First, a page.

Beginning July 12, businesses, government agencies, and other organizations in Southern California will be able to sign up to participate in Southern California Edison’s Charge Ready program, the largest electric passenger vehicle charging infrastructure program in the nation run by an investor-owned electric utility company.
The $436-million program, approved by the state last year, will add approximately 38,000 new electric car chargers throughout SCE’s service area over the next five years.
Through Charge Ready, SCE installs and maintains the supporting EV charging infrastructure while site hosts, who are non-residential SCE customers, typically own, operate, and maintain qualified charging stations.
“As SCE is preparing its electric grid to serve the increase in transportation electrification, more charging equipment is needed to give EV drivers and fleet operators the peace of mind they will be able to charge whenever they want,” said Carter Prescott, SCE director of eMobility and Building Electrification.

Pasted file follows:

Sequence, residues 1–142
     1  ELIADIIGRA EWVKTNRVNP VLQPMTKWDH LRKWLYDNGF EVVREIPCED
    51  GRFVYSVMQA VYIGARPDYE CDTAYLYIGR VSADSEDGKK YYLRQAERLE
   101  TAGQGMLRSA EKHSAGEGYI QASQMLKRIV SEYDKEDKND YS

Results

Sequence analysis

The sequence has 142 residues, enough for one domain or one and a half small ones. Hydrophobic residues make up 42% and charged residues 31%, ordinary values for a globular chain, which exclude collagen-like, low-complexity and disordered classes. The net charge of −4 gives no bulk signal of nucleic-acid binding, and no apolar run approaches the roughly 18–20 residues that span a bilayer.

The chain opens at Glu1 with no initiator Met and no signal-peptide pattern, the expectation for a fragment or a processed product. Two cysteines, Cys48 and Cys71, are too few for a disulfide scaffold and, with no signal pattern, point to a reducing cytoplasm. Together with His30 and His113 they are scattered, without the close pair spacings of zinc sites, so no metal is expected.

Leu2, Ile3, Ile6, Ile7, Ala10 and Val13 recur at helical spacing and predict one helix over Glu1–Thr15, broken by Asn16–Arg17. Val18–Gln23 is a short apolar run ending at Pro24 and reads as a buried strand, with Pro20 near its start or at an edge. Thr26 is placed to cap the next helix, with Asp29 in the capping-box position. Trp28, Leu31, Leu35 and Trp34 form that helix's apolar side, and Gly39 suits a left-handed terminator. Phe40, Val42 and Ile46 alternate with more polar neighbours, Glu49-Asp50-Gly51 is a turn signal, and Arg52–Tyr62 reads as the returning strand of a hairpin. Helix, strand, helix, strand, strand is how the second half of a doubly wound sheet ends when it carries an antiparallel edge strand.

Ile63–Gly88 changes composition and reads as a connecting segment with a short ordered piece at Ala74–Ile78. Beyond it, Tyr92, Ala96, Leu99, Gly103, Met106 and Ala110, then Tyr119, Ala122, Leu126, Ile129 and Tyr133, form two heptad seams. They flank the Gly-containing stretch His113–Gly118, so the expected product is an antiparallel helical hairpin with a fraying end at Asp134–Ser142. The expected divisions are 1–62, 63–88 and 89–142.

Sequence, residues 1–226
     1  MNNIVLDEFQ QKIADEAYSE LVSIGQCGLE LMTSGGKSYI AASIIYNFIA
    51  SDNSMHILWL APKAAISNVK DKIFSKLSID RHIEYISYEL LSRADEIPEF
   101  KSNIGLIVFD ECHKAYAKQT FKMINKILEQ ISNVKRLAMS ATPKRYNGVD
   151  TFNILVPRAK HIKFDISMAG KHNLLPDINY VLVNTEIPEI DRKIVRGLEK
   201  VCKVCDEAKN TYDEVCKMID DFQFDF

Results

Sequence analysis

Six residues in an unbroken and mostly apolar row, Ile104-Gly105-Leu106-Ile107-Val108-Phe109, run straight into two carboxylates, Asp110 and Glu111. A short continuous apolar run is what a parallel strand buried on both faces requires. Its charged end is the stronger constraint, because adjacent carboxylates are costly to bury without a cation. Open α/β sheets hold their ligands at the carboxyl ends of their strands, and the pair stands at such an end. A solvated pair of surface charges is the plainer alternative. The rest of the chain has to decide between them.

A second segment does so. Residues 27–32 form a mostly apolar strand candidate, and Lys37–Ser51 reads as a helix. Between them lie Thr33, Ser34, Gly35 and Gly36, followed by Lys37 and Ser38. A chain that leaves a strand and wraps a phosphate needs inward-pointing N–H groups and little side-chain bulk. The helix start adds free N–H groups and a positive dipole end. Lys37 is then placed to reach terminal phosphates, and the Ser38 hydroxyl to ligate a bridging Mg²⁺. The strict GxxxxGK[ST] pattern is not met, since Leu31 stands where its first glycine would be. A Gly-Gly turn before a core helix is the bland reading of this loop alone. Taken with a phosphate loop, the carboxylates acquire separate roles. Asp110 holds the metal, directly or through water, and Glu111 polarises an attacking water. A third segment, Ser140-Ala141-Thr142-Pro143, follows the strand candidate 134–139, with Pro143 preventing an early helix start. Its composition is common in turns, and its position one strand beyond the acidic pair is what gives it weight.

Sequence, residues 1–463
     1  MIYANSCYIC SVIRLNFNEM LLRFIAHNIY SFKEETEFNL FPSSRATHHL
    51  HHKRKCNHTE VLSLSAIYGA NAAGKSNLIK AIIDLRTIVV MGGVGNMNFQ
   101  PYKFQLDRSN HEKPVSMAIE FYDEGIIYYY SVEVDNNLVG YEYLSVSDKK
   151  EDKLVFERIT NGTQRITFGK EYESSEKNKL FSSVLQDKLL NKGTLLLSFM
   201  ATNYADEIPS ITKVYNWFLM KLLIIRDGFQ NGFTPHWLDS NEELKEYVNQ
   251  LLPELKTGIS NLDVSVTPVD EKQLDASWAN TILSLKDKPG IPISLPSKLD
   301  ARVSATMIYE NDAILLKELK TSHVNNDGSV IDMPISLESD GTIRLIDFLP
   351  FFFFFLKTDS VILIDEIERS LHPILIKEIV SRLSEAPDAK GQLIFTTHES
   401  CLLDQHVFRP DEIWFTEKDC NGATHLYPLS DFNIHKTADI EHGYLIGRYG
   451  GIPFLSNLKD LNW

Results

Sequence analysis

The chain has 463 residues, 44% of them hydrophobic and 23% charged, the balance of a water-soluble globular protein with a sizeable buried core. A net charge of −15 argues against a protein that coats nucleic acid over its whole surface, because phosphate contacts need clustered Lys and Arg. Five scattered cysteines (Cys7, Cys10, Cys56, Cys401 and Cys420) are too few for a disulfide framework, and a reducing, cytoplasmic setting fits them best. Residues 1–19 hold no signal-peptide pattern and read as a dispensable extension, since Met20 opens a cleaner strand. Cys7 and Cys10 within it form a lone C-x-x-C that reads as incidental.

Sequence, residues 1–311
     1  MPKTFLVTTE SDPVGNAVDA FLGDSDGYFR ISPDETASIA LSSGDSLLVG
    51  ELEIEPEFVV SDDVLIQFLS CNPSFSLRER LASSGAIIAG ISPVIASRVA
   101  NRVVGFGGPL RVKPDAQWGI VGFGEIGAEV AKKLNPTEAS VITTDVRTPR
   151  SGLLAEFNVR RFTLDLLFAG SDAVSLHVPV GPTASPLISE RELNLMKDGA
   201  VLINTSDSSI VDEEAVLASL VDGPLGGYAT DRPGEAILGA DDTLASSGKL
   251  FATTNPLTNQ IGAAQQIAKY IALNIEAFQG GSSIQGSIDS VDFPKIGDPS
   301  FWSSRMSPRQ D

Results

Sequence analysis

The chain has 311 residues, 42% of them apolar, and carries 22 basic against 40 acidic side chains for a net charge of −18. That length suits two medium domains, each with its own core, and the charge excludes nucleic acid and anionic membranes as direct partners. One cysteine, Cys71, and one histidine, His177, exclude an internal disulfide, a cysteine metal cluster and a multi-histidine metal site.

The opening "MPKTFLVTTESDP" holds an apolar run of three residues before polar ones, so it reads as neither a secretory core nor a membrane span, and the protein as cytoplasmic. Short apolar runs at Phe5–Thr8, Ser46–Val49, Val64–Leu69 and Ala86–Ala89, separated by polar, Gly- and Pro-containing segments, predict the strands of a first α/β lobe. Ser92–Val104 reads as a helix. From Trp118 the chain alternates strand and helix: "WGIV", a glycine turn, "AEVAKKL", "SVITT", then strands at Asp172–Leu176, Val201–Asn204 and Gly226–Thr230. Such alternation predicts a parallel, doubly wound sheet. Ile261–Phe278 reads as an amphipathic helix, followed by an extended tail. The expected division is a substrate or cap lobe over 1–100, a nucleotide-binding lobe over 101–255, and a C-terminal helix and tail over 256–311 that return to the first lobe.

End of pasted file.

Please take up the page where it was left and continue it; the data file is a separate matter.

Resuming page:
The large-scale program introduced at a virtual event July 12 is modeled after a much smaller pilot that concluded in May, in which SCE partnered with businesses, local governments, and other organizations to add more than 2,700 charge ports at nearly 150 sites.
SCE will continue to focus on providing charging infrastructure at workplaces, public parking lots, schools, hospitals, and destination centers, with an added emphasis on condominium and apartment complexes.
In the interest of making EV charging available to all Californians, Charge Ready sets a target to locate 50% of the chargers in state-designated disadvantaged communities, or economically-impacted communities that suffer most from the negative effects of air pollution.
In addition to Charge Ready for passenger EVs, SCE launched a program last year for larger trucks, buses, and off-road industrial equipment called Charge Ready Transport, which aims to add charging to support at least 8,490 medium- and heavy-duty EVs over a five-year period. The $356 million program is also modeled after the Charge Ready pilot.